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N-Acetyl Glucosamine-risks?

glucosamine chronic fatigue liver

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#1 experimenting

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Posted 04 October 2020 - 07:47 PM


Started taking this on the recommendation of a thread in this forum.

Has helped my constant pain, and ensuing horrible mood.

However I read that it may be bad on the liver/pancreas, may contribute to weight gain, etc. also, since having taking it, I weirdly feel like my ability to burn fat is worse.

I dealt with some liver issues a few years ago, and one thing I remember from that time is any fatty food would cause this weird warm/burning sensation on my left side, as if my body couldn’t break down fats effectively. I’m experiencing something like that now, could it be the NAG?

Thanks.
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#2 OlderThanThou2

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Posted 12 October 2020 - 02:41 PM

If I am not mistaken NAG increases hyaluronic acid:

 

https://bmcmusculosk...1471-2474-9-120

 

 

Our data suggest that exogenous GlcN can increase HA production by synovium tissue and is more effective at lower concentrations than Gluc. This might indicate that GlcN exerts its potential analgesic properties through stimulation of synovial HA production.

 

 

The aim of this study was to evaluate the effect of liver diseases of different etiologies and clinical severity of liver cirrhosis on the serum level of hyaluronic acid. The results were compared with noninvasive markers of liver fibrosis: APRI, GAPRI, HAPRI, FIB-4 and Forn’s index. Serum samples were obtained from 20 healthy volunteers and patients suffering from alcoholic cirrhosis (AC)—57 patients, non-alcoholic cirrhosis (NAC)—30 and toxic hepatitis (HT)—22. Cirrhotic patients were classified according to Child–Pugh score. Hyaluronic acid concentration was measured by the immunochemical method. Non-patented indicators were calculated using special formulas. The mean serum hyaluronic acid concentration was significantly higher in AC, NAC and HT group in comparison with the control group. There were significant differences in the serum hyaluronic acid levels between liver diseases, and in AC they were significantly higher than those in NAC and HT group. The serum hyaluronic acid level differs significantly due to the severity of cirrhosis and was the highest in Child–Pugh class C. The sensitivity, specificity, accuracy, positive and negative predictive values and the area under the ROC curve for hyaluronic acid and all non-patented algorithms were high and similar to each other. We conclude that the concentration of hyaluronic acid changes in liver diseases and is affected by the severity of liver cirrhosis. Serum hyaluronic acid should be considered as a good marker for noninvasive diagnosis of liver damage, but the combination of markers is more useful.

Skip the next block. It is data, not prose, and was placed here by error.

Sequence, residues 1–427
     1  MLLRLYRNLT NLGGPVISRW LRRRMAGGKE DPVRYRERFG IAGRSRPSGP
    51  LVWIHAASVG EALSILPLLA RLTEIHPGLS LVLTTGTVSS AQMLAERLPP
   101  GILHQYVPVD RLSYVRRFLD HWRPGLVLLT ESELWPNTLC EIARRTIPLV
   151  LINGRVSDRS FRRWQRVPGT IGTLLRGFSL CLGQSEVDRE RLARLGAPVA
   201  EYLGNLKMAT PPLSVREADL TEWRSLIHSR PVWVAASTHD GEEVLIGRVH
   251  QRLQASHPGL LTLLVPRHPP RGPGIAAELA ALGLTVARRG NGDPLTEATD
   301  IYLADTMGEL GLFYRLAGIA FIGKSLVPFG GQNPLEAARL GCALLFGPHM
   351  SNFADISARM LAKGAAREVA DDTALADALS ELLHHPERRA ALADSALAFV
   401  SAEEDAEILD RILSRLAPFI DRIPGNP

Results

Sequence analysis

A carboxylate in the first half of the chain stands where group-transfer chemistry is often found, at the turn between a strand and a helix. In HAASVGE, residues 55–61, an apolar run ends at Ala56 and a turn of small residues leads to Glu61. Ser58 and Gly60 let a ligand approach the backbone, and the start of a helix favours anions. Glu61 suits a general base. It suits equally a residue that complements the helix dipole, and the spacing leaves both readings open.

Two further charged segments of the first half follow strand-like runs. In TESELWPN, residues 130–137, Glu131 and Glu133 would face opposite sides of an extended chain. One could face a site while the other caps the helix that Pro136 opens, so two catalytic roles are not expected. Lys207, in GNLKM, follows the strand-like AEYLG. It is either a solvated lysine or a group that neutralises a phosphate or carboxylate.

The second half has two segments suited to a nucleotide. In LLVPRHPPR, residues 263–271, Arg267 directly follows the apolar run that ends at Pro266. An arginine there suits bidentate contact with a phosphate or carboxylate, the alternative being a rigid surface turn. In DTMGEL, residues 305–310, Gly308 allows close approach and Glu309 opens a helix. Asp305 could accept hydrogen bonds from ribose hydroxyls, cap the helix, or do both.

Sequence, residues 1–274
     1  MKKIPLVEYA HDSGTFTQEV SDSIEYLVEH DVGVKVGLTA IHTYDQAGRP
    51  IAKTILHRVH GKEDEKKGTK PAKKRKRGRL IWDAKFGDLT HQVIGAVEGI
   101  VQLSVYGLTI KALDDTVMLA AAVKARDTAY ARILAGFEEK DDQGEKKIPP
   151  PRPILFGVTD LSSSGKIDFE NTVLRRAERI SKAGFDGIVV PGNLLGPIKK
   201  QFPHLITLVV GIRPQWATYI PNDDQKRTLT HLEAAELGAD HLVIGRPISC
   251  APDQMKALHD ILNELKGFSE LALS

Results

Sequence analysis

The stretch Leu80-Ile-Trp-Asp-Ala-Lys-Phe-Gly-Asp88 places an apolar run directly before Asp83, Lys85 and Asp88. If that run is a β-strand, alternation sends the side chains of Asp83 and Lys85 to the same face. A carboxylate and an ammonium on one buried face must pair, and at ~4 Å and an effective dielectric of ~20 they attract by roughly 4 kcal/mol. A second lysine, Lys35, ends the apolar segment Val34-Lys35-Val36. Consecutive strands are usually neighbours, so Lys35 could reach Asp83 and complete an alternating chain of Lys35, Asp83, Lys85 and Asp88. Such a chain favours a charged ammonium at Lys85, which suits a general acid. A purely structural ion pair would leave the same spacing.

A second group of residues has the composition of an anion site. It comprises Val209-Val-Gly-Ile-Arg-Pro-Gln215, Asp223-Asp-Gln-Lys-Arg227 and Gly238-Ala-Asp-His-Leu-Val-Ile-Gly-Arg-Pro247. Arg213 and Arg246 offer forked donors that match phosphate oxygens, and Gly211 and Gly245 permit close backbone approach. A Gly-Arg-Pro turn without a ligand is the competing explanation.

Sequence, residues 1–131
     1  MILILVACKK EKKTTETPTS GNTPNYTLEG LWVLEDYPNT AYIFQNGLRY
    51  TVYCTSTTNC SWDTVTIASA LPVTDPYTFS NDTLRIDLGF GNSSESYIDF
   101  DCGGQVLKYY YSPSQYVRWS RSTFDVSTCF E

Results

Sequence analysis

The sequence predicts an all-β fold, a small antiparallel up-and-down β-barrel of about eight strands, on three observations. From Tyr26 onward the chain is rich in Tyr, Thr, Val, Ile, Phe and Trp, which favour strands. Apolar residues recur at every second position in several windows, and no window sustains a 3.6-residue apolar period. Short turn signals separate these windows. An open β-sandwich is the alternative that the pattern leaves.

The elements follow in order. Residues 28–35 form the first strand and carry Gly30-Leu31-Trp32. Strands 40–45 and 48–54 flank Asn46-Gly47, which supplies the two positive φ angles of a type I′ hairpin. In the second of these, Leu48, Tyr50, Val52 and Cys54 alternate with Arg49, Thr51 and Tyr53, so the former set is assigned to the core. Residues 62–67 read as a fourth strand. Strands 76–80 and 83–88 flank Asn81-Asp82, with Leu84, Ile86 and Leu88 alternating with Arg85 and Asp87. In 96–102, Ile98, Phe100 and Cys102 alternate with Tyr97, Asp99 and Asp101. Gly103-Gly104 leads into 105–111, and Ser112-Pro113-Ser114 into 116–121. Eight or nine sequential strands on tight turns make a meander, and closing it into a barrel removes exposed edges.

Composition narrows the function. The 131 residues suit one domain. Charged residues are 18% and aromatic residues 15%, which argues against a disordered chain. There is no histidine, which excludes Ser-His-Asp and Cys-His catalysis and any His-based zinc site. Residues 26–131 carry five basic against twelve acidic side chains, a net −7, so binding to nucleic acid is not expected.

And:

 

https://www.ncbi.nlm...les/PMC4777465/

 

 

Chronic liver diseases may cause inflammation and progressive scarring, over time leading to irreversible hepatic damage (cirrhosis). Hyaluronic acid (HA), an essential component of the extracellular matrix in virtually every tissue of the body, mostly synthesized by hepatic stellate cells and degraded by sinusoidal endothelial cells [1], has been found to correlate with the histological stages of liver fibrosis (F) in chronic liver diseases [2]. HA has shown very good diagnostic accuracy for the non-invasive assessment of fibrosis and cirrhosis [3,4]. The aim of this paper is a systematic literature review regarding HA for the assessment of liver fibrosis in chronic liver diseases: chronic viral C and B infections (CHC and CHB), non-alcoholic fatty liver disease (NAFLD), Human immunodeficiency virus/hepatitis C virus (HIV/HCV) coinfection, alcoholic liver disease (ALD), autoimmune disease and genetic disorders.

 

 

Also I've seen that HA plays a role in atherosclerosis. That's why I am wondering if it is good as a supplement.

 

My 2 cents.


Edited by OlderThanThou2, 12 October 2020 - 03:07 PM.


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#3 Hip

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Posted 12 October 2020 - 09:53 PM

"It turns out that glucosamine can cause weight gain or weight loss depending on your eating habits. In a high carb/low fat diet, it has the potential to cause weight gain. The exact type of diet I was eating was helping glucosamine turn me into a bloat monster. On the other side, if I was eating a high fat diet, it would help me lose weight.

 
It turns out that glucosamine can cause insulin resistance due to the ability of glucosamine to deplete ATP in the body (the body’s way of storing energy). Thus, the sensation of feeling exhausted all the time." Source: here.
 
 
 
 
"Our results show that GlcN increased body weight gain and reduced the insulin response for glucose maintenance when fed to normal CD [chow diet] mice, whereas it alleviated body weight gain and insulin resistance in HFD [high fat diet] mice."
 
 
 
 
"Oral glucosamine with routine dosage was safe in our non-diabetic patients with osteoarthritis and had no significant effect on glucose metabolism and insulin resistance." 
 

Edited by Hip, 12 October 2020 - 09:54 PM.

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